MSD Manual

Please confirm that you are a health care professional

honeypot link

Radiation Therapy

By

Jimmy C. Lattimer

, DVM, MS, DACVR, DACVRO, Veterinary Medicine and Surgery, Veterinary Medical Teaching Hospital, University of Missouri

Last full review/revision Oct 2019 | Content last modified Nov 2019

Although not a test or imaging procedure, radiation therapy is discussed here because, like several imaging techniques, it uses ionizing radiation and is typically done under the direction of a veterinary radiologist. In veterinary practice, this treatment is very similar to the radiation therapy used in many human cancer patients.

Radiation therapy Radiation Therapy Your veterinarian has several options for treating pets with neoplasia. There are 3 common treatment options for animal cancer and tumor: surgery, chemotherapy, and radiation therapy (also called... read more can help to control the growth of cancerous (malignant) tumor cells. With this treatment, a linear accelerator is used to produce powerful x‑rays and electron beams that are carefully aimed at cancerous growths. The most frequent targets are deep-seated tumors and tumors of the skin and the tissues immediately below the skin.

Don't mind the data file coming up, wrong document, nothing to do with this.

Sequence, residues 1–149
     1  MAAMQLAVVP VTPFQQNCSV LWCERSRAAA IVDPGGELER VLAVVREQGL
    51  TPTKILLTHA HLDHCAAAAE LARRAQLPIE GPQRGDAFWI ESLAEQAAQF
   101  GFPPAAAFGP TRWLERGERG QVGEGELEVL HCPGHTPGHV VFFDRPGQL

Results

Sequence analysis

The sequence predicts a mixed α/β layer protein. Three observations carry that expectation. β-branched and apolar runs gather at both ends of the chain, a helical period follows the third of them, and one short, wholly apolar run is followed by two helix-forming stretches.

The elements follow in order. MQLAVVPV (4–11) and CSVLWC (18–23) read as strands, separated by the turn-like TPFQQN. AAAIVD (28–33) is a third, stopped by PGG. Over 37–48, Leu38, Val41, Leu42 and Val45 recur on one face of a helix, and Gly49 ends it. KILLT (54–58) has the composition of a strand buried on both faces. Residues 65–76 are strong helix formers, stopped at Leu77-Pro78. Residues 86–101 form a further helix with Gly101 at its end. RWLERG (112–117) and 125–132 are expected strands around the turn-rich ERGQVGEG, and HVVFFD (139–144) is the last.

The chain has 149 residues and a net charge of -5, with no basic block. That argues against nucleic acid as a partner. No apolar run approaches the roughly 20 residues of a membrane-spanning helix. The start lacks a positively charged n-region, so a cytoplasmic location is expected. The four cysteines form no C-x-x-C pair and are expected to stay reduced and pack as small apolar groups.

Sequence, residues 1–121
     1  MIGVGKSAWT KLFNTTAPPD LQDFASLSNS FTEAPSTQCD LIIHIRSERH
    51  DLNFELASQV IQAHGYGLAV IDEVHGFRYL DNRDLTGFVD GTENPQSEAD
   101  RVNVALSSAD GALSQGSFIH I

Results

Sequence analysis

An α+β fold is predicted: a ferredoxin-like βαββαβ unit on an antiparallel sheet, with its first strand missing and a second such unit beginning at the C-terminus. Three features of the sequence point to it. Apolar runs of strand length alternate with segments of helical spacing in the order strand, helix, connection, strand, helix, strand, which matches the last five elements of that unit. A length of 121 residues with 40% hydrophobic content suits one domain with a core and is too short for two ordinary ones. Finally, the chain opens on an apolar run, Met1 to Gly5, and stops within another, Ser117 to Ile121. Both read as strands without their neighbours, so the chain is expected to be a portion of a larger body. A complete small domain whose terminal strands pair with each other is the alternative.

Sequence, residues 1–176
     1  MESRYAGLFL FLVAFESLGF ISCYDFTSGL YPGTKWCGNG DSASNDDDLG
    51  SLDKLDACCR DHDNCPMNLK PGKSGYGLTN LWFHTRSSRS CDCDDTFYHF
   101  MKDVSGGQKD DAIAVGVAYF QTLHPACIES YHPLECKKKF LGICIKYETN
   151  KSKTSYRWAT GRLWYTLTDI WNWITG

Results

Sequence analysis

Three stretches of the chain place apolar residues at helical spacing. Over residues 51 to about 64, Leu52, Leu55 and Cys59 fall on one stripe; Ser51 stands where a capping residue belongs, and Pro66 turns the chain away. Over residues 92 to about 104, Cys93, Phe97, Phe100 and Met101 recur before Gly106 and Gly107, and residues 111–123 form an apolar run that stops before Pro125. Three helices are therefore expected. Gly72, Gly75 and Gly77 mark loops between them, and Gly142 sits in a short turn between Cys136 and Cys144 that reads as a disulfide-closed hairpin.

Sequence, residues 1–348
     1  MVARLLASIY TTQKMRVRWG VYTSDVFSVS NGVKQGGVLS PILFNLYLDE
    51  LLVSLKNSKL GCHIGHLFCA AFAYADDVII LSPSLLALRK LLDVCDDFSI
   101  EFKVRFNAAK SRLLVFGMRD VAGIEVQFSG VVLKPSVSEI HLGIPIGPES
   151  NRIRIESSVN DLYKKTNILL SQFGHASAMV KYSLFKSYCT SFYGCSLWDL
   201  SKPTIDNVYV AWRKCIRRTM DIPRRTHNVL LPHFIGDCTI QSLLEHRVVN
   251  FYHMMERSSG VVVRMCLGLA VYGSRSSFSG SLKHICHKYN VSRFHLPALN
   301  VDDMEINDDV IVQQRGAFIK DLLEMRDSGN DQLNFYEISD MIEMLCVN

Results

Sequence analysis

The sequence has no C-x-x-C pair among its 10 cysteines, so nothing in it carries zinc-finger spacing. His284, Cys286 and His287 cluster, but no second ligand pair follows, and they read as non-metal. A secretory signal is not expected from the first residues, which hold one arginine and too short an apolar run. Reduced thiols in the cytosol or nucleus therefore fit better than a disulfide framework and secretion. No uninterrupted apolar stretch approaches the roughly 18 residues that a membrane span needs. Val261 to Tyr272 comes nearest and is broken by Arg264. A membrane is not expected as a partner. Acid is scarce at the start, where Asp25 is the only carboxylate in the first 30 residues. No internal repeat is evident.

Computerized treatment planning systems are used to ensure the greatest benefit from the radiation therapy. With these tools the dose to the tumor tissue is maximized and the damage to the surrounding normal tissue is kept as small as possible.

Whenever possible, removal of a tumor by surgery is preferred. However, it is often not possible to remove all of the tumor tissue. In these cases, radiation therapy is useful in treating the remaining cancerous tissue. This treatment is frequently combined with chemotherapy. Radiation therapy is often the treatment of choice for brain tumors, nasal tumors, and other cancers of the head and neck.

If your pet has radiation therapy, either with or without chemotherapy, there are a number of things you should know in order to provide the most supportive environment. It is common for pets undergoing radiation therapy to be more tired than normal and they may need a special diet. Ask your veterinarian for detailed instructions about what you need to do to support your pet during radiation therapy.

For More Information

Others also read
Download the Manuals App iOS ANDROID
Download the Manuals App iOS ANDROID
Download the Manuals App iOS ANDROID
Test your knowledge
Neoplasia of the Eye and Associated Structures
Squamous cell carcinoma is a common neoplasm in several species. Ocular squamous cell carcinoma is most common in animals with light pigmentation around the eyes, because sun exposure is one of several predisposing factors. This tumor is common in each of the following species EXCEPT:
Become a Pro at using our website 

Also of Interest

Become a Pro at using our website 
TOP